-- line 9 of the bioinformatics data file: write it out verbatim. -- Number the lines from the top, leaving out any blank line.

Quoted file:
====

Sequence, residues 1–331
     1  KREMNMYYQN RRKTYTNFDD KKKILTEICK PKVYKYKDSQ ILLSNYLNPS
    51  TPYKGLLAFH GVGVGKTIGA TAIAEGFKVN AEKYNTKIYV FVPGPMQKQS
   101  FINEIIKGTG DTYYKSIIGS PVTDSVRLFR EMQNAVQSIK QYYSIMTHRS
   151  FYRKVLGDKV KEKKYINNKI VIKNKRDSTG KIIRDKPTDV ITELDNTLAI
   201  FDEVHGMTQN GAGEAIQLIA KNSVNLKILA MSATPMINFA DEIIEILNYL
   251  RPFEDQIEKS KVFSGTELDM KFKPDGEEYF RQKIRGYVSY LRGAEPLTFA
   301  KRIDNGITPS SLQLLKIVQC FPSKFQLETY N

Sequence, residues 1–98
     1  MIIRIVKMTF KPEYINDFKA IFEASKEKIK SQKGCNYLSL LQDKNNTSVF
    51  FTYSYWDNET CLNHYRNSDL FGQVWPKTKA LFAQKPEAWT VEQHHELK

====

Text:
Sequence, residues 1–98